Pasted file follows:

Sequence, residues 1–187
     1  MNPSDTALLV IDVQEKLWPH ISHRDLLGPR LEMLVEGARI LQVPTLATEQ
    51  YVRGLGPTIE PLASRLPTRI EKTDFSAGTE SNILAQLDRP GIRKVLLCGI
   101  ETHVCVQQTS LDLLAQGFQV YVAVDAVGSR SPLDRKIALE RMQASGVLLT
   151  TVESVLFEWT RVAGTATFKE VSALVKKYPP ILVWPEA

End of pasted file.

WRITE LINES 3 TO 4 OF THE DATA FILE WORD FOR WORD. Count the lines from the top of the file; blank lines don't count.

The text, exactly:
    51  YVRGLGPTIE PLASRLPTRI EKTDFSAGTE SNILAQLDRP GIRKVLLCGI
   101  ETHVCVQQTS LDLLAQGFQV YVAVDAVGSR SPLDRKIALE RMQASGVLLT